To overcome this problem a procedure has been developed and named "on-the-fly recovery." Instead of adding each incoming ADC sample to a summation buffer the new method multiplies each sample as it arrives by the values in the recovery sequence and adds the results directly into the appropriate positions in a recovery buffer.  As soon as the last sample for one MLS has been dealt with, the recovery buffer contains the recovered response from all the stimuli in that MLS. By using double-buffering, each recovered response can be checked against the rejection criteria and accepted or rejected while the response to the next presentation of the MLS builds up in a second buffer; accepted responses are added to a final summation buffer. 


Consider an MLS of length 3 with stimulus sequence 1, 1, 0.  The 3 slices of the MLS are represented by M1, M2 and M3 (Figure 3[A]).  The recovery process, seen before, is illustrated again in Figure 3[B] and, in terms of the slices, in Figure 3[C].

An additional benefit of the "on-the-fly recovery" method is that it can recover only those parts of the MLS that are of interest.  The set of recovery sequence points to be used will change as one works through the MLS, but in a systematic way, so that finding the correct set is computationally simple.  This method allows the recovery window to be positioned anywhere within the duration of the MLS provided that the edges of the window correspond to points in the MLS; that is when a stimulus opportunity of either a click or a silence is occurring.  This is illustrated in Figure 3[D].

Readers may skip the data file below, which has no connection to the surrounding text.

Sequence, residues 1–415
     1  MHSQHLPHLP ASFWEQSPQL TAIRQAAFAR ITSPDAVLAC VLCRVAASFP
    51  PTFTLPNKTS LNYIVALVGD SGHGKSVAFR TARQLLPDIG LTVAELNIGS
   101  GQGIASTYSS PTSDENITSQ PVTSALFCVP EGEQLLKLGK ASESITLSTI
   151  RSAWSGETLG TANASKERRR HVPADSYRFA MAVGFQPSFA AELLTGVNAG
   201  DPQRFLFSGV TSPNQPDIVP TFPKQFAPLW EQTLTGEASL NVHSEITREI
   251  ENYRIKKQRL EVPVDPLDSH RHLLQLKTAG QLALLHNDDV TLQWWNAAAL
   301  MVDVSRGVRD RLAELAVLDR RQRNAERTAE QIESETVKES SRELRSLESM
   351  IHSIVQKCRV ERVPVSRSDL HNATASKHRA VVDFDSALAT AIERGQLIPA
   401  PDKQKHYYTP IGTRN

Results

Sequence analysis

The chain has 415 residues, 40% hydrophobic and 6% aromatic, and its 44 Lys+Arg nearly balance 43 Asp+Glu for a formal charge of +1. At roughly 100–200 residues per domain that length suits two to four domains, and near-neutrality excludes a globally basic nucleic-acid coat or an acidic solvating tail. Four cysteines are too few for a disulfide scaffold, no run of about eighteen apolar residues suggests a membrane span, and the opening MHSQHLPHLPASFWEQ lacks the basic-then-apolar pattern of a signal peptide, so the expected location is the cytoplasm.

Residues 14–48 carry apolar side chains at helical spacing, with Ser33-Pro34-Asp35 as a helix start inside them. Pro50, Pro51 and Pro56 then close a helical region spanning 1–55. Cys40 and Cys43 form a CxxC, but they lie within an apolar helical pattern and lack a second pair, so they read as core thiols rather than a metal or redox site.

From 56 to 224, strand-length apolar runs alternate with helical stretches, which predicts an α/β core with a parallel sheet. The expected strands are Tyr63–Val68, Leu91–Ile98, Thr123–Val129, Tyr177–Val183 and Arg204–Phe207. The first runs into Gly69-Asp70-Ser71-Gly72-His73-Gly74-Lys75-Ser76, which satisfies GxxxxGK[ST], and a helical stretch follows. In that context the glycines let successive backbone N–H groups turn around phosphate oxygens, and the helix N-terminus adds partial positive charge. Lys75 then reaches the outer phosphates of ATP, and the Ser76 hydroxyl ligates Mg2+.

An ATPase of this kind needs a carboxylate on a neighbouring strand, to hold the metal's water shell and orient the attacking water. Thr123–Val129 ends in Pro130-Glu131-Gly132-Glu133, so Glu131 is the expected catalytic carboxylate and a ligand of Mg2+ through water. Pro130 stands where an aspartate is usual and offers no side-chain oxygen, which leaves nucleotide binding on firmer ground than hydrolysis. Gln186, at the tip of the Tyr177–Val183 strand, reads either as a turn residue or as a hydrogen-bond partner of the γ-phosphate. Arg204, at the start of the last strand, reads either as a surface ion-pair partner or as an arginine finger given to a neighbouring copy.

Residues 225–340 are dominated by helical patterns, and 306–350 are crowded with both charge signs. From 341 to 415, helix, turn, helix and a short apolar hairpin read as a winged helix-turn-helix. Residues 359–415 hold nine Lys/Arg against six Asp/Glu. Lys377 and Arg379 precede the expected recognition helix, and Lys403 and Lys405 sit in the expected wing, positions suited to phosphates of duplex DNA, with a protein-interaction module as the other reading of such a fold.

Recovery windows starting and ending at intervening points can obviously be achieved by rounding up the actual recovery window used to a whole number of MLS points and then subsequently discarding the unwanted portions. Figure 3[E] illustrates the recovery procedure using the ADC samples which are labelled a to i.  The position of each sample in the final buffer is shown in Figure 3[F].




Since the small response overlaps and rides on top of the large click stimuli, a large dynamic range and good linearity are needed for MLS systems (Thornton, 1993b).  The dynamic range needed has been estimated as 94dB (Thornton et al., 1994).  Noise in the system is the limitation of the SNR and there are three noise sources identified so far :-

1.      Random noise from the microphone, amplifiers and ADC quantisation.  The largest contribution to the noise component is from the microphone.  Our system has at best about a 70 dB signal to noise ratio so, in the raw input signal, the EOAE is only approximately 20 dB above the noise floor.  However because these sources of noise are random they are reduced by averaging, the standard formula of 10.log (n) dB improvement in SNR occurs for n  averages.  Furthermore, if this noise is less than the noise from the test room and from subject or patient movement, then it will have little or no effect on the averaged waveform.

2.      Noise due to non-linearities in the system.  If the system is driven into a non-linear region of operation, the reconstructed waveform will have noise that is produced as a result of that non-linearity and since it is synchronised to the clicks, it will not be reduced by averaging.  Thus all distortion products should be less than the required 94 dB.

3.      Noise due to incomplete cancellation.  As explained above, the MLS technique works on the basis of cancellation, i.e. when one click waveform is subtracted from another, the result must be exactly zero.  If the clicks differ by only 1%, a 0.5% residual (the difference between each click and the mean click) would be left, giving a dynamic range of only 46 dB.  It is therefore very important that the clicks are matched precisely in both time and amplitude.  Non-random variations of click amplitude will not be reduced by averaging.